The Supreme Court reversed and remanded the case to the lower court.  Dura Pharmaceuticals, Inc., v. Broude, 544 U.S. 356 (2005).  In a straightforward opinion the Court held that in order to bring and prove a cause of action for fraud, a securities law plaintiff must establish loss causation – there must be a causal link between the claimed fraud and the damages sought. 

The Court’s opinion is built on five key points.  First, as a matter of logic, the Court noted there must be something more than an inflated price as the circuit court held.  While an artificially inflated price “might” suggest a loss later, it might not.  The longer the time lag between the purchase and the sale, the more likely it is that other factors may have caused or contributed to the loss. 

Second, the PSLRA requires that loss causation be established.  While the statute does not define the concept, the fact that an inflated price might “touch” upon a loss is not enough under the statute.  This is clear from the fact that the purpose of the Reform Act is to give investors confidence in the integrity of the market, but not provide them with an insurance policy against loss.  Allowing investors to recover without establishing loss causation would effectively insure against loss and would thus be contrary to the PSLRA.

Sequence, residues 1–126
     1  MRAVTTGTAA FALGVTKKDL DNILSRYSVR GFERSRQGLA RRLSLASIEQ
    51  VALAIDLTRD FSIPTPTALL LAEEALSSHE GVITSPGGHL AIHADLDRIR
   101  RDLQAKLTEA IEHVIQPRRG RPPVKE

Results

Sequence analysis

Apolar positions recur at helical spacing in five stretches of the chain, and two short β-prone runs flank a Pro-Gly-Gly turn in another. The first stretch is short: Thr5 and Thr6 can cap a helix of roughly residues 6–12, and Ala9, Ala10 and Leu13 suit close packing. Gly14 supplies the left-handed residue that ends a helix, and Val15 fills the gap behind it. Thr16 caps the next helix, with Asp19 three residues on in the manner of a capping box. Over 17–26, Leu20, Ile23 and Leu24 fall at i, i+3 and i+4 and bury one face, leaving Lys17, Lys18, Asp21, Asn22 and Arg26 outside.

Third, the implied cause of action under Section 10(b) is rooted in common law fraud and tort principles.  Under those principles, it is well established that a plaintiff must prove causation or proximate cause to recover.  The decision of the Ninth Circuit failed to conform to precedent.

Fourth, under Rule 8, all that is required is a short plain statement to give fair notice.  “It should not prove burdensome for a plaintiff who has suffered an economic loss to provide a defendant with some indication of the loss and the causal connection that the plaintiff had in mind.” 

Finally, absent loss causation, baseless claims could go forward.  This is a policy point that flows through a number of the Court’s securities law opinions. 

On remand, the District Court permitted the plaintiffs to amend their complaint.  In the amended complaint, plaintiffs alleged that the misrepresentations inflated the price.  In addition, they alleged that the stock price dropped following corrective disclosures made on three different dates.  The court held that loss causation had been adequately pled noting that plaintiffs “have explained how the misrepresentations … caused economic loss.” 

Next:  The impact of Dura